Nor is the US showing any greater respect for international humanitarian law. Donald Rumsfeld has even refused formally to accord Saddam prisoner of war status: a remarkable decision, given that Saddam is a recently defeated commander-in-chief of the armed forces of a UN member state, but of course it’s a decision that allows for more rigorous interrogation. Regardless of Rumsfeld’s views, Saddam is a POW – and his rights to human dignity and protection from public curiosity, as ensured by the 1949 Geneva Convention, were clearly violated by the worldwide broadcast of his medical examination. That broadcast was, indeed, more degrading than the one made of captured US soldiers earlier this year, itself quickly condemned as a war crime by the US and British Governments.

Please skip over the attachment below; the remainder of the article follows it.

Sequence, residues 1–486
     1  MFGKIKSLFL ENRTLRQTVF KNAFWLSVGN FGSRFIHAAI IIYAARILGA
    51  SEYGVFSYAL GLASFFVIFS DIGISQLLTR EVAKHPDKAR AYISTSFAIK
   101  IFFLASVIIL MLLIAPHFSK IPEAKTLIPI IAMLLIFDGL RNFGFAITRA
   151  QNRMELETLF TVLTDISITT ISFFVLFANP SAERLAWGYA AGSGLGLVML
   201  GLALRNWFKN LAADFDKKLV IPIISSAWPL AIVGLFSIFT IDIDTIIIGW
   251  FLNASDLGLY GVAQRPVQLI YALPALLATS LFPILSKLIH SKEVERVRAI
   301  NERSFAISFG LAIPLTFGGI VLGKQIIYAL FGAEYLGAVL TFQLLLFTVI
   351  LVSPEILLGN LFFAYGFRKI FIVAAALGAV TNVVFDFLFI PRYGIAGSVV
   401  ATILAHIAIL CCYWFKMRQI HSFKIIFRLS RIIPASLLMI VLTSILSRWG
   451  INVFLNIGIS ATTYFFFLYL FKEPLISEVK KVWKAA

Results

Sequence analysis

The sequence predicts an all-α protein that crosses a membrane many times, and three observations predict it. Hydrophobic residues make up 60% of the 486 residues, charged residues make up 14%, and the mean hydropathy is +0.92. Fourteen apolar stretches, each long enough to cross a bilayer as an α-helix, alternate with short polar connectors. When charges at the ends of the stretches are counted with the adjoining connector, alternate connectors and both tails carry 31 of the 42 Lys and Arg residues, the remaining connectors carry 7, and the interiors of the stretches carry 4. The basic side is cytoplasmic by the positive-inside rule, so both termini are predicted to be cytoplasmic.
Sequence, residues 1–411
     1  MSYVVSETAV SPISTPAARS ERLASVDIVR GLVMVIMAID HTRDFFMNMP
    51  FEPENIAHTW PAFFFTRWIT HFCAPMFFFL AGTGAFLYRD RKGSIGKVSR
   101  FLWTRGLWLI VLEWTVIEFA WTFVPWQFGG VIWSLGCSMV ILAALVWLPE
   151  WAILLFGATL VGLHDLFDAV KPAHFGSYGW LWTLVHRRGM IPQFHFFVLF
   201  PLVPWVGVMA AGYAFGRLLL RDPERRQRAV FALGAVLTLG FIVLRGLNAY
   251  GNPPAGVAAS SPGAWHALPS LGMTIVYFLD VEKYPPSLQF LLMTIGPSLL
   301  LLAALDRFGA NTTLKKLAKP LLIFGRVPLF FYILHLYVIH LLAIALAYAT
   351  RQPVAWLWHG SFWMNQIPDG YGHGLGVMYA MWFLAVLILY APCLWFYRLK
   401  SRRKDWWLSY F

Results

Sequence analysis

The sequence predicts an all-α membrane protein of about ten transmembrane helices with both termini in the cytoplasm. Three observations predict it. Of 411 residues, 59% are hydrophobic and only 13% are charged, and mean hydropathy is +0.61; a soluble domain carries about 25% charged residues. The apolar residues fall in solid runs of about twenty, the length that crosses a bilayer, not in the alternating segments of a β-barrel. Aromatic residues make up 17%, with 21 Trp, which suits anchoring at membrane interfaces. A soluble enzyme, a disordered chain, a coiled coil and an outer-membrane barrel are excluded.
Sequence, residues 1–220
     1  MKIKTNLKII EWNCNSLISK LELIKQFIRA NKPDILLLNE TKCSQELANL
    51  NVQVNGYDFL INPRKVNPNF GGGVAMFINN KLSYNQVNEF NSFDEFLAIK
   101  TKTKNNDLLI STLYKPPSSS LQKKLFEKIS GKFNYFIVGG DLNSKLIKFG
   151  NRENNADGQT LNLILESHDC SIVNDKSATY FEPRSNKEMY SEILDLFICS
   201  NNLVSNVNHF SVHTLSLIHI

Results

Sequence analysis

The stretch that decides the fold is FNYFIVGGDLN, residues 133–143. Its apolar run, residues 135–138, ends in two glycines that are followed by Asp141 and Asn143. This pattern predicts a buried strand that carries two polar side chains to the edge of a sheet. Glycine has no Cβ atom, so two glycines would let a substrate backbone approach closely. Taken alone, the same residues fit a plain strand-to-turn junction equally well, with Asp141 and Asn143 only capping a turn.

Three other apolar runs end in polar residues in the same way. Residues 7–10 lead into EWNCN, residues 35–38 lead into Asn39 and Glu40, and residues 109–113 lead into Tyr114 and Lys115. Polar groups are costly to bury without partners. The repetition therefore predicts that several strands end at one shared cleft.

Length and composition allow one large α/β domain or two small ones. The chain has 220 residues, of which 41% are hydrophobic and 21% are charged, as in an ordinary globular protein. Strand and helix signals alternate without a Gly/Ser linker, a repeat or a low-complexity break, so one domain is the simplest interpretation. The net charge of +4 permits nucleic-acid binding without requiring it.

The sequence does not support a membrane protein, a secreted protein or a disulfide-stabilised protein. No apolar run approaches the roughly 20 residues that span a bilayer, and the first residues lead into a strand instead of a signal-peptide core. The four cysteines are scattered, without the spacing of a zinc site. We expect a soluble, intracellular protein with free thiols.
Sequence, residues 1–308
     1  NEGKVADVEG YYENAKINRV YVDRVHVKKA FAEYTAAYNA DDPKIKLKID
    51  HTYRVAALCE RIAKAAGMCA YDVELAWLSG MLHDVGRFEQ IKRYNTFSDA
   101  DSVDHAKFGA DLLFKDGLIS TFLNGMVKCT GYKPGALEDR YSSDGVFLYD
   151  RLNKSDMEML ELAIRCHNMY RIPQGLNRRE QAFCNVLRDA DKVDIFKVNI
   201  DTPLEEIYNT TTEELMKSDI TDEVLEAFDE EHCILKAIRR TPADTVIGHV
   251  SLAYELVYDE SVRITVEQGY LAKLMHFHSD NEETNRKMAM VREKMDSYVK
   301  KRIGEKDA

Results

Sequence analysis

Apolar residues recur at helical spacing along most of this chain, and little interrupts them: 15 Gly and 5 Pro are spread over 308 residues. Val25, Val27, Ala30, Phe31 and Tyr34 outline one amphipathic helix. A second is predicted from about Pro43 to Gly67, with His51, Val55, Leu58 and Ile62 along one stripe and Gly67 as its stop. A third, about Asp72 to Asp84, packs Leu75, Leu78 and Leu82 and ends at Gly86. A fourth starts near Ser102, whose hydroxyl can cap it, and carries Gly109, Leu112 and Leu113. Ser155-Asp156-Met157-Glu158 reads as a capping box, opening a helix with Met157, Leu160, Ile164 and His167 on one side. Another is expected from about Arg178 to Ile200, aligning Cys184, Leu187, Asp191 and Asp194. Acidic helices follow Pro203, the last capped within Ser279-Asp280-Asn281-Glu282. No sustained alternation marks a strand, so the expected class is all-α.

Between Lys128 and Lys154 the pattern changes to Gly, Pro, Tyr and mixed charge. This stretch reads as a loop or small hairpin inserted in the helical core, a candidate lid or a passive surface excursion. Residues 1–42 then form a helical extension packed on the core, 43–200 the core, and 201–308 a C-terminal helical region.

The decision to try Saddam before an Iraqi tribunal also has something to do with Bush’s opposition to the International Criminal Court. Since coming to office, his Administration has ‘unsigned’ the Court’s statute, pressured the Security Council into granting a rolling one-year suspension of the Court’s jurisdiction over US forces, and obtained more than 70 bilateral treaties committing individual countries not to surrender US citizens to The Hague. With troops in more than 140 countries, a propensity to intervene in dubious legal circumstances, and interpretations of the laws of war that sometimes differ from those of other states, the US shies away from international mechanisms for enforcing international criminal law. Whereas the Clinton Administration sought to insert protections against the abuse of international procedures into the statutes of the various tribunals it helped to create, the Bush Administration has adopted an entirely hostile stance – one that could not consistently accommodate the use of an international tribunal to try Saddam.